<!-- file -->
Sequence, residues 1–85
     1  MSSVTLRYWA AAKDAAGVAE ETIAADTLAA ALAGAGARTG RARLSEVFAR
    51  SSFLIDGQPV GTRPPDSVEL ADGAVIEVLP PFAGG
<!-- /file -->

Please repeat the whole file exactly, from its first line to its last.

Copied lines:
Sequence, residues 1–85
     1  MSSVTLRYWA AAKDAAGVAE ETIAADTLAA ALAGAGARTG RARLSEVFAR
    51  SSFLIDGQPV GTRPPDSVEL ADGAVIEVLP PFAGG